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Renewable Energy Generates Major Gains in 2008-2012 Time Frame

February 5th, 2014 | by Morris Beschloss | Comments

Between 2008 and 2012, net generation from all utility-scale renewable fuel types in the U.S. (Biomass, geothermal, solar and wind) increased 23% or 90,329 GWh, the measuring stick for renewable energy components, according to the SNL Energy Report, Charlottesville, Va.

The report states that wind comprised the majority of the net generation supplied by renewables, adding 74%, or 66,717 GWh of the increase. But solar is now coming along even faster. While output from wind facilities’ net generation grew 121%, solar posted the largest percentage net generation increase capacity, growing 330% or 3,118 GWh.

Wind also comprised the bulk of the increase in operating capacity installed over the period. Solar, though, posted the largest percentage net generation increase, growing 330%.

Although renewable energy has often been touted as the major replacement for fossil fuels (coal, oil, natural gas), this contention, despite its impressive growth in the last decade, is patent nonsense. It’s objectively estimated by expert analysts, without an ax to grind, that by mid-century, oil, natural gas and even coal will represent 75% (at the least) or 88% (the most) of all energy used worldwide.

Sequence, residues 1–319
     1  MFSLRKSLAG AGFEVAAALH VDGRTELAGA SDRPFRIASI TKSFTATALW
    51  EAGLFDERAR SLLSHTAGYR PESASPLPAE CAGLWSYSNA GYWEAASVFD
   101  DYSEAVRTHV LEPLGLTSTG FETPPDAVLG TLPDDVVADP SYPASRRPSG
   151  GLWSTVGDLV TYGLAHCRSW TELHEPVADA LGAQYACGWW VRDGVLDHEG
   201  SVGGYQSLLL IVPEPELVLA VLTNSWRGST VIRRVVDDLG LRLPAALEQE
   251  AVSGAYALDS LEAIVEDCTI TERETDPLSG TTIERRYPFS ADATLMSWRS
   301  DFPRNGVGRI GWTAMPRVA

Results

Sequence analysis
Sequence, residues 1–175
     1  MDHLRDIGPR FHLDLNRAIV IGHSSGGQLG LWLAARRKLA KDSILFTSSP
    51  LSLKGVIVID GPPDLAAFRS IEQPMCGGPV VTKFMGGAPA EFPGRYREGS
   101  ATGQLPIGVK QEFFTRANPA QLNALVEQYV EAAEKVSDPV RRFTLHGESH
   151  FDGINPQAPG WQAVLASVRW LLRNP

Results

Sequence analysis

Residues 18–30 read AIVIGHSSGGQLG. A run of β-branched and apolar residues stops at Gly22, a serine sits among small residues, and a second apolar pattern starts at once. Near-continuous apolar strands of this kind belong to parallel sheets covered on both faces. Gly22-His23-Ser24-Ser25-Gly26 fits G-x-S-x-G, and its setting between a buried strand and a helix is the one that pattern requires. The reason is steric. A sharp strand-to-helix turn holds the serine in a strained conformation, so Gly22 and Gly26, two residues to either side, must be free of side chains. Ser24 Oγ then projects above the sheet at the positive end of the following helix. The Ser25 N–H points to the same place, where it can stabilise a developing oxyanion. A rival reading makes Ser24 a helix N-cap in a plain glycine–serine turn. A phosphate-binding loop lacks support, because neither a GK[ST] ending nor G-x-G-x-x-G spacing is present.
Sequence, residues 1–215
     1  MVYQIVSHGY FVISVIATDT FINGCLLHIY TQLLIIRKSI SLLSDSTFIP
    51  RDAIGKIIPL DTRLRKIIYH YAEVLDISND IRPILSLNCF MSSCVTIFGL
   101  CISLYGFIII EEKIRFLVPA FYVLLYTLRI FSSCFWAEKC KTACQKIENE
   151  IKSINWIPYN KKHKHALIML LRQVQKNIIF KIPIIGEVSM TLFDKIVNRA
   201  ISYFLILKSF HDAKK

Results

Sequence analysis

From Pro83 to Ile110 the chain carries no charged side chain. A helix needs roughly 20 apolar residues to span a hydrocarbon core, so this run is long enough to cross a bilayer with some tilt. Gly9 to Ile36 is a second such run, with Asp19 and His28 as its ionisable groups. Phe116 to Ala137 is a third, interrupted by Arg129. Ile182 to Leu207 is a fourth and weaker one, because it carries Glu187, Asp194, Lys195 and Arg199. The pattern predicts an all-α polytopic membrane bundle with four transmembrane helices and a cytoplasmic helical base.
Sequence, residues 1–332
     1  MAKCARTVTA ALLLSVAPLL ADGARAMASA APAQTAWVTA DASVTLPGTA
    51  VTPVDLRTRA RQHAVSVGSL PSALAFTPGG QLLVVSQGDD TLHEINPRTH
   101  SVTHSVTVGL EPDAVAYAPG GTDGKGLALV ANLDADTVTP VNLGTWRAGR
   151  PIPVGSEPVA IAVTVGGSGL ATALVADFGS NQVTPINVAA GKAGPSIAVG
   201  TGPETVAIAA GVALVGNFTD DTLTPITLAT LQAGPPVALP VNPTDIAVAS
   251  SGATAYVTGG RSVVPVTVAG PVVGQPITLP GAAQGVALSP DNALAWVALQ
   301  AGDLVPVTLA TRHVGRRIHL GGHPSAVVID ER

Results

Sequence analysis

In fact, the biggest surprise forthcoming in energy usage will be natural gas for transportation empowerment. T. Boone Pickens, the world’s leading advocate of natural gas, has emphasized that he will live to see natural gas, shackled by lack of broad distribution and replenishment, evolve into a supplement for gasoline and diesel. Currently evolving technology allows for “natural gas” stations throughout the U.S., rather than just for business and government vehicles that have stations to go back to every night for replacement.

With the incredible fracking revolution, that has only tapped into less than 10% of availability in the U.S., oil and liquid natural gas are the revenue and job generators that will make the U.S. the central fueling center for a rapidly developing world. This is destined to exceed other world countries’ barrels of oil per day, whose demand is now back at the level that existed in 2007, before the reverses of the “great recession.”

With a world population headed for over 9 billion by mid-century, plus a much larger percentage than exists today having reached a level of industrial development far greater than even now anticipated, both fossil fuels and renewable energy will reach a demand factor that will make both an urgent necessity.

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